Today, we had a short exclusive intertidal walk with some journalists from the Asian Journalism Fellowship.
The tide was still high when I reached the intertidal to hunterseek. Two great billed herons (Ardea sumatrana) were feeding at the seagrass lagoon and one spread out its magnificant wings and flew off as I approached.
It has been awhile since I last saw a blue spotted fan tailed ray (Taeniura lymma). This stingray, upon seeing me, quickly buried itself under the sand. You can still see the outline of its body on the left side of the photo.
I found this swimming crab that have an extremely soft shell! It must have just newly moulted.
This snail is one of our favourite local seafood delicacy, the Gong Gong (Laevistrombus canarium).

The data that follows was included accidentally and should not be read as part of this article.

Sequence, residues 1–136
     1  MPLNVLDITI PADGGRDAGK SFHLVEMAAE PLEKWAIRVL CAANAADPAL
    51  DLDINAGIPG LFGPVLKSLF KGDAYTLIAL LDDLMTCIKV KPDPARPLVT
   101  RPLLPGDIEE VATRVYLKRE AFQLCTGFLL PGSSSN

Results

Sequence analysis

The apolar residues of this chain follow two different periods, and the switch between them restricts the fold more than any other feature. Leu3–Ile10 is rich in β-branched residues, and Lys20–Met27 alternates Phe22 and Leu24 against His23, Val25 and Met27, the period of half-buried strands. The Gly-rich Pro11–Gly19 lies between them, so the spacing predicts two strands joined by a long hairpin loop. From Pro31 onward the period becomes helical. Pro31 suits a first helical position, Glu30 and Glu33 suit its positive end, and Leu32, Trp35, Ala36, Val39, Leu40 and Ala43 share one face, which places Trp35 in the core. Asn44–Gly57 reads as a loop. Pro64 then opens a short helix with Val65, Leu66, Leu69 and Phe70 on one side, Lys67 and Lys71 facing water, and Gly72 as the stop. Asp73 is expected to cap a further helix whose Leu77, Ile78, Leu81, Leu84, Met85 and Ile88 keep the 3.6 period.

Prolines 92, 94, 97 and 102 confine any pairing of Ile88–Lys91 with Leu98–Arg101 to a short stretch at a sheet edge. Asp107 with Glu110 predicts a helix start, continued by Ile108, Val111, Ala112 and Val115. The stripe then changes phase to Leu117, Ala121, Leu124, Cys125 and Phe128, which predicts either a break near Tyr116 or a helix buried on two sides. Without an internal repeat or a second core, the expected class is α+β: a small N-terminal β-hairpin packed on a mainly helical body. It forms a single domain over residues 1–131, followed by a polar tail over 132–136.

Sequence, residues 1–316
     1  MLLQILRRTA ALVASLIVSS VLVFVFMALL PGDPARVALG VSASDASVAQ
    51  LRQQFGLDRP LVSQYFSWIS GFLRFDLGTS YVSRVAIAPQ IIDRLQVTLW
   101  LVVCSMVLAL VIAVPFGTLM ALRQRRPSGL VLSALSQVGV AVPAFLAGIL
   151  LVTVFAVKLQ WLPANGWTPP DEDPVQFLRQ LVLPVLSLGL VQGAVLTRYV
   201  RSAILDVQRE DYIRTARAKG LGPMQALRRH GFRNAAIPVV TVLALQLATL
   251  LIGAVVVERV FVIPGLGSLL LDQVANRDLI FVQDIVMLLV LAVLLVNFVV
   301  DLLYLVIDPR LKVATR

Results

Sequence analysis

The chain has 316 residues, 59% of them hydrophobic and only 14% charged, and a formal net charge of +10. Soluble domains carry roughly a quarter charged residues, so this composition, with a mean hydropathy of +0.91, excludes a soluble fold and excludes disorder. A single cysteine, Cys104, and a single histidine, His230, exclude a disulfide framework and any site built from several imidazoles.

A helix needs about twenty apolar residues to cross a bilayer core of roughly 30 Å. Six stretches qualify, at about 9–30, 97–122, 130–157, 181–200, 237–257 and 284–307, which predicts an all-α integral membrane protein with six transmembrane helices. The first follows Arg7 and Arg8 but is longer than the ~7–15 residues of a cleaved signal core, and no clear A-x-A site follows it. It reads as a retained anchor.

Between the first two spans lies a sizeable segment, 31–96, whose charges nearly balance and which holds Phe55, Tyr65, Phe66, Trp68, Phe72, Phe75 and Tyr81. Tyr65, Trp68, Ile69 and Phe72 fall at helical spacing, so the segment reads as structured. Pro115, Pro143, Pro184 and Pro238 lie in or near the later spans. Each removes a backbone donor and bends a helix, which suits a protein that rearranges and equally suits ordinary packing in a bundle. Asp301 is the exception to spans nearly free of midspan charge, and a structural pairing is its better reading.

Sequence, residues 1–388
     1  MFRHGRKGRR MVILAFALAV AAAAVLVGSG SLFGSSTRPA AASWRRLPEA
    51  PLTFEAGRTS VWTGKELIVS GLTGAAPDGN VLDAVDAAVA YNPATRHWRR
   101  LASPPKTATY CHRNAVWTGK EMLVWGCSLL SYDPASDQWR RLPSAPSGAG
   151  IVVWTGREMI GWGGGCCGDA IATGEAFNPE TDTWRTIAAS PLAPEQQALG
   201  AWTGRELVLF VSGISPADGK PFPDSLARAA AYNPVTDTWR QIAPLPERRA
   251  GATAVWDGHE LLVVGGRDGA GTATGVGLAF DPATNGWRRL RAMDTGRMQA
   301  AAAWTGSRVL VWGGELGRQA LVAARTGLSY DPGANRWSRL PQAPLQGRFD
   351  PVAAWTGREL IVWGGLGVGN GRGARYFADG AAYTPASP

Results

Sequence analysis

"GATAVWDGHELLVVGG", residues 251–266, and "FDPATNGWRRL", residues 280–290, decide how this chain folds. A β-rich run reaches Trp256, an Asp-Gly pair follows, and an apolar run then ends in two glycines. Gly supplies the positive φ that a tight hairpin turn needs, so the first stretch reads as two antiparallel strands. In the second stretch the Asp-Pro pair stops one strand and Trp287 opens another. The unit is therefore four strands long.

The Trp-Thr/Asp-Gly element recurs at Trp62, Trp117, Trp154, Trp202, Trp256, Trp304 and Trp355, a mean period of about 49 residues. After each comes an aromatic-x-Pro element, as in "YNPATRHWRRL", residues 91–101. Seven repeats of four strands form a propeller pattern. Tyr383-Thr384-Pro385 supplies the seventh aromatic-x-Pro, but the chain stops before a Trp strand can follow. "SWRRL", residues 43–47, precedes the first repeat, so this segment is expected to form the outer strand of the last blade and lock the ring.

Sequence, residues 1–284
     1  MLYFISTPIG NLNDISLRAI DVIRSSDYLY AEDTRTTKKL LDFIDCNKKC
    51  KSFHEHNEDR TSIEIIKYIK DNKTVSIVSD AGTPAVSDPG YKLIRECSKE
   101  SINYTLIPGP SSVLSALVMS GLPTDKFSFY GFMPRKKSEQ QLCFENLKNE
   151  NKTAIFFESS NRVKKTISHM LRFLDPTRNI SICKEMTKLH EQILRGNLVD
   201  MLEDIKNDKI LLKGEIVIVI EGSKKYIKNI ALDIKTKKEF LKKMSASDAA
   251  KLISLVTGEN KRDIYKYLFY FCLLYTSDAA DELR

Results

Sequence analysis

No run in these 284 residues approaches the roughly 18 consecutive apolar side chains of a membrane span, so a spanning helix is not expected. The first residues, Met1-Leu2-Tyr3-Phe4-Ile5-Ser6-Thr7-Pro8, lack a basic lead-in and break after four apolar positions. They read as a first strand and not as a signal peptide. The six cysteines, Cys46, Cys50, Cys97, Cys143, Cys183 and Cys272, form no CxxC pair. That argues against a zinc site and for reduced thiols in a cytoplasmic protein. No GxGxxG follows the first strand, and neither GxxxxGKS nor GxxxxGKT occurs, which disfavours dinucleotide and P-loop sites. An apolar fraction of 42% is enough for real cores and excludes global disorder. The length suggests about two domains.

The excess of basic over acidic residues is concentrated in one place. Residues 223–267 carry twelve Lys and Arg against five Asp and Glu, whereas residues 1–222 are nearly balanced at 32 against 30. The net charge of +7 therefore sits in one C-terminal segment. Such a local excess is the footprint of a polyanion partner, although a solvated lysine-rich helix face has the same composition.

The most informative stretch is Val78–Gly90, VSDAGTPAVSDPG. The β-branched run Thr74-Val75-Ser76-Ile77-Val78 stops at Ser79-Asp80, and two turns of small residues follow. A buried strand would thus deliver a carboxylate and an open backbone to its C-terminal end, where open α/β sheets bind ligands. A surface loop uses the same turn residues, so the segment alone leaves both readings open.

The anemone shrimp (Periclimenes brevicarpalis) makes its home on the sea anemone, scavenging on any food on this cnidarian. It is even known to nibble of their tentacles if they go hungry!
Male fiddler crabs have a very much enlarged pincer for attracting their opposite sex and fighting. Notice how big this porcelain fiddler crab's (Uca annulipes) pincer is compared to the left pincer which is used for feeding.
Last but not least, the synaptid sea cucumber extend its feeding tentacles to filter off any suspended food at the seagrass meadow.
Later in the evening, Swee Cheng from TMSI gave an enlightening lecture about sponges for the Project Semakau volunteers. His BP book on Singapore sponges will be out soon this month so watch out for it!